On July 1 of this year, the Commonwealth of Virginia saw changes to several of its laws. In particular, there have been several changes to laws related to criminal offenses that it's a good idea to be aware of. Below is a list of some of the big changes you'll want to know about. As always, if you are struggling with a criminal charge, don't hesitate to get in touch with Kassabian & Kassabian, P.L.C. John Kassabian has been a practicing Fairfax criminal lawyer for over 25 years and is committed to helping Northern Virginians get the justice they deserve.
Under HB972/SB2, Virginians saw several changes to marijuana laws on July 1. The biggest change is that simple marijuana possession has been decriminalized. While marijuana is still illegal, if you are found carrying less than one ounce and there is no indication that you intend to distribute it, you won't face a criminal charge.
Instead, you will pay a civil penalty of a $25. You will no longer be faced with jail time and any records related to the arrest, the criminal charge, and the conviction will not be available to the public through the Criminal Records Exchange. HB 972 also allows people who have been acquitted of a marijuana charge or who have had the charge dismissed to petition for the charge to be fully expunged from their police and court records. You can learn more about this here.
It's also important to know that possession with intent to distribute is still a Class 1 misdemeanor. If you are found with more than one ounce of marijuana in your possession, you will face a criminal charge, jail time, and expensive fines, and will likely still need a Fairfax marijuana attorney. You can read more about the full range of changes to the law here.
Many people are wondering whether Virginia will move to legalize marijuana in the near future, but that remains unclear. The General Assembly passed legislation allowing for the study of legalization and regulation in the Commonwealth. Once the results are in, we will know more about the future of legalization.
Traffic, License Suspension, and DUI Laws
New changes to laws surrounding traffic offenses and driver's license regulations will make life a little easier for some Virginia drivers. First, the threshold for a reckless driving charge has been raised from 80 to 85 miles per hour. If you're traveling at 85 or under, you'll instead be charged with speeding, with one exception: if you're traveling at 20 or more mph over the speed limit, you will still be charged with reckless driving.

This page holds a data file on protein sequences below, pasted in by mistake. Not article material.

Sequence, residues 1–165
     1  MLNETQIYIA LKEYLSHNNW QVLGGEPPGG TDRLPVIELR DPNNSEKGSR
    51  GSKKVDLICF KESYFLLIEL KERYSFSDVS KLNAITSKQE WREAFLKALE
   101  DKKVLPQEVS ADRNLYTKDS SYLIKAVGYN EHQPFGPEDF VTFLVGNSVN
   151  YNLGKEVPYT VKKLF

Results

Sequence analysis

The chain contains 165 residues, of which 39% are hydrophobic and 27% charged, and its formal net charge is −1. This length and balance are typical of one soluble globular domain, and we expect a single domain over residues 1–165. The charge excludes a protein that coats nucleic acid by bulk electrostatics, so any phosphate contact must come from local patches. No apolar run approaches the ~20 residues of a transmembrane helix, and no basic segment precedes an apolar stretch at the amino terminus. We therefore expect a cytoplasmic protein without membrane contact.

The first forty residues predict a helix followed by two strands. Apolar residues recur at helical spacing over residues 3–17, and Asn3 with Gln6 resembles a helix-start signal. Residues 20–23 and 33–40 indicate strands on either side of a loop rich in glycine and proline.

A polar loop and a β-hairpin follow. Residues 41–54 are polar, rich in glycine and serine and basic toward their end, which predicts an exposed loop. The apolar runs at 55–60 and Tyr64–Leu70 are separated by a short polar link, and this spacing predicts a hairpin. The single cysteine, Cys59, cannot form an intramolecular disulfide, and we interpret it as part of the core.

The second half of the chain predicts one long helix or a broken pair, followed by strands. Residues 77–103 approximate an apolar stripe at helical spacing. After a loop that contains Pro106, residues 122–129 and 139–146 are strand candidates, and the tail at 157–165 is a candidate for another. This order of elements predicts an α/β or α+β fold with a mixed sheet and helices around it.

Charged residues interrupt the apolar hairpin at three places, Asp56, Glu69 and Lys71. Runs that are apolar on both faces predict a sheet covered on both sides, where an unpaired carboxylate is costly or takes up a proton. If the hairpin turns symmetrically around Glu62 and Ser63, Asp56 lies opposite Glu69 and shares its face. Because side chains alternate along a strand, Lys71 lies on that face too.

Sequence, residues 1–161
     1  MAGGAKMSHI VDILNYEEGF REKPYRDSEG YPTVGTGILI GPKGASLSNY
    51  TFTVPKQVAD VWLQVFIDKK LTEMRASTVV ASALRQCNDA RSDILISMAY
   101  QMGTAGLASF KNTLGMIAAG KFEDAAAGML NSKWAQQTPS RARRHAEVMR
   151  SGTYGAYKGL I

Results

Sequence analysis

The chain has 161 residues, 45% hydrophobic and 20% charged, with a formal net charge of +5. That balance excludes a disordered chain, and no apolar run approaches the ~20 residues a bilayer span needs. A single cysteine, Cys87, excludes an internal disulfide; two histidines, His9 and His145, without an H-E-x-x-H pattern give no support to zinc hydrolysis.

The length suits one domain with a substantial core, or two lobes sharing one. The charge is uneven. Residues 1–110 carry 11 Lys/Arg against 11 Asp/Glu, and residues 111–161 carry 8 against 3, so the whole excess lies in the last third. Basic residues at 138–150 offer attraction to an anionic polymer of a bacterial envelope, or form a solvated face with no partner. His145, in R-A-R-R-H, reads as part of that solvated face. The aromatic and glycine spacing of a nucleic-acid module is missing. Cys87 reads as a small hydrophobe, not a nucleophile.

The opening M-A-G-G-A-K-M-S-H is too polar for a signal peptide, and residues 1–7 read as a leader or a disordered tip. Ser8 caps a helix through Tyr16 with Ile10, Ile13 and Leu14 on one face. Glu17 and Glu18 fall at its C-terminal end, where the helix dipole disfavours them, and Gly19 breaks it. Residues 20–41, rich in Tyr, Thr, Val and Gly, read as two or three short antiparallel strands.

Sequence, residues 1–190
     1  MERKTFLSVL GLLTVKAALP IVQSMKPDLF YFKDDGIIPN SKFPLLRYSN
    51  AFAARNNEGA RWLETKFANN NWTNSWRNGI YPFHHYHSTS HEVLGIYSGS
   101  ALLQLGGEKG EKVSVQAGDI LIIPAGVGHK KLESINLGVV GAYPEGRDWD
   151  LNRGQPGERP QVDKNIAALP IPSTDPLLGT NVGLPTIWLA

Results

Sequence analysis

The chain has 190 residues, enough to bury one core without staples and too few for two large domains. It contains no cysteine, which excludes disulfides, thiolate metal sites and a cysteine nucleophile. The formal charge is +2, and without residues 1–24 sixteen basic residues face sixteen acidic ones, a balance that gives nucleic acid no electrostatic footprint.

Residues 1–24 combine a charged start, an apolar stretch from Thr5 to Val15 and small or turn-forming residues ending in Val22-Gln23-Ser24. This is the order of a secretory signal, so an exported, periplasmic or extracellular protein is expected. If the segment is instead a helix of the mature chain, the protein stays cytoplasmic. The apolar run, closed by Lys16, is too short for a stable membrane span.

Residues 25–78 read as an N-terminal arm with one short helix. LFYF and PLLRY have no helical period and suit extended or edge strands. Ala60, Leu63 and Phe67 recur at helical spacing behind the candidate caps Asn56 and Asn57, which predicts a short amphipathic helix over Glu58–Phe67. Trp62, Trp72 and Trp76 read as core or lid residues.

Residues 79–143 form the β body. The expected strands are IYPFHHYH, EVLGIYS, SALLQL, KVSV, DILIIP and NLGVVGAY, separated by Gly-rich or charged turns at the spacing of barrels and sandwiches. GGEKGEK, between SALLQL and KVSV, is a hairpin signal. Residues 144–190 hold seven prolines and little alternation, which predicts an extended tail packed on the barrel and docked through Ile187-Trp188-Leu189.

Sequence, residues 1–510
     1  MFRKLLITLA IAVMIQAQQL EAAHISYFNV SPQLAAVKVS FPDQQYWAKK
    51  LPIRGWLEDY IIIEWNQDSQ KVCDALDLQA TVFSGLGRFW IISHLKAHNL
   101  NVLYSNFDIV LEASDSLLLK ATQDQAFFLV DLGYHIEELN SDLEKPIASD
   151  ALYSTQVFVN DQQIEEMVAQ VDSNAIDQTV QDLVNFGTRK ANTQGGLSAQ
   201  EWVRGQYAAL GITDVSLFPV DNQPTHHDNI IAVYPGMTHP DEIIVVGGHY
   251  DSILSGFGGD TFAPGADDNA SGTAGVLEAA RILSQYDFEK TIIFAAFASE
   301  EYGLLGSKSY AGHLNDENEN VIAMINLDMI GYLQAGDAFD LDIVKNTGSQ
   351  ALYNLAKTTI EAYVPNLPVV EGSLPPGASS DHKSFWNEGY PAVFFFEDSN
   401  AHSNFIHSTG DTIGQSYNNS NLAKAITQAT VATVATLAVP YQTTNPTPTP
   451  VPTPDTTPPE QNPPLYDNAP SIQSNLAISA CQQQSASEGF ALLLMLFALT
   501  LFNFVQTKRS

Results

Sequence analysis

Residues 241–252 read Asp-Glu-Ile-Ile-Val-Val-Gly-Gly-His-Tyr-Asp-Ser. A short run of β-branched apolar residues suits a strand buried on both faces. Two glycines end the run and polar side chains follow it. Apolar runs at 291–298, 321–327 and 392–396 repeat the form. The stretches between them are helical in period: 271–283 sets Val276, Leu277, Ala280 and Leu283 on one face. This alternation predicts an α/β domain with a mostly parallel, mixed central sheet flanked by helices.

While this may not sound like a big deal, the difference between a reckless driving charge and a speeding ticket is huge in terms of penalties. Reckless driving is a Class 1 misdemeanor, a serious criminal charge that will stay on your record for life and can leave you with expensive fines as well as jail time. You can learn more about penalties for reckless driving and when a Fairfax reckless driving lawyer may be useful to you here.
New DUI laws will also allow eligible drivers convicted of a DUI to get what is being casually referred to as an “any purpose” restricted license, allowing people to drive wherever they need to rather than having their travel limited to work, school, and essential activities. If you qualify (and not everyone does) you will still need to have an ignition interlock system installed on your vehicle for 12 months. You can get more details and learn when a DUI lawyer in Fairfax can help here.
In terms of driver's license law changes, with the passage of HB1196/SB1, Virginia will see the end of driver's license suspensions for unpaid court costs and fines. In addition, if your license was suspended for either of these reasons before July 1, 2019, it will be reinstated. This will make life easier for many drivers who rely on having a license but cannot afford to pay old fines.
Virginia lawmakers have made multiple changes and amendments to several firearms laws in an effort to reduce violent crimes and domestic abuse. Under HB674/SB240, an Extreme Risk Protective Order has been established that allows authorities to temporarily remove guns from the possession of anyone who is determined to be a danger to themselves or others. In the related SB479, people with certain types of 2-year protective orders against them must relinquish their guns to authorities within 24 hours. Failure to do so will result in a charge of a Class 6 felony, punishable by 1 to 5 years in jail and a $2500 fine. (You can read more about this in this blog post.)
A host of other changes to firearms laws have made universal background checks mandatory for gun purchases and given local governments increased authority to ban guns in public spaces. People will also face tougher penalties if they recklessly handle guns in their homes in ways that endanger a child (such as having a loaded and unsecured firearm on hand). A conviction will result in a charge of a Class 1 misdemeanor, which carries tougher penalties than the previous Class 3 misdemeanor charge for this type of offense.
Gun owners can also face a civil penalty if they fail to report a lost or stolen firearm to law enforcement within 48 hours.
Parole Changes for Juveniles
Under HB35/SB103, juvenile offenders who were sentenced to prison terms of 20 or more years between 1995 and 2000 will be made eligible for parole. This includes anyone sentenced to life imprisonment for an offense they committed as a juvenile, if they have served at least 20 years of the sentence.
This is not an exhaustive list of July 1 changes, but these are some of the big ones that could impact criminal cases. If you find yourself facing a legal matter related to an issue described above, working with a Fairfax criminal lawyer may be in your best interest. Regardless of the crime you are accused of, Kassabian & Kassabian, P.L.C. believes in treating you with justice and respect.
To learn more, contact John Kassabian at (703) 750-3622.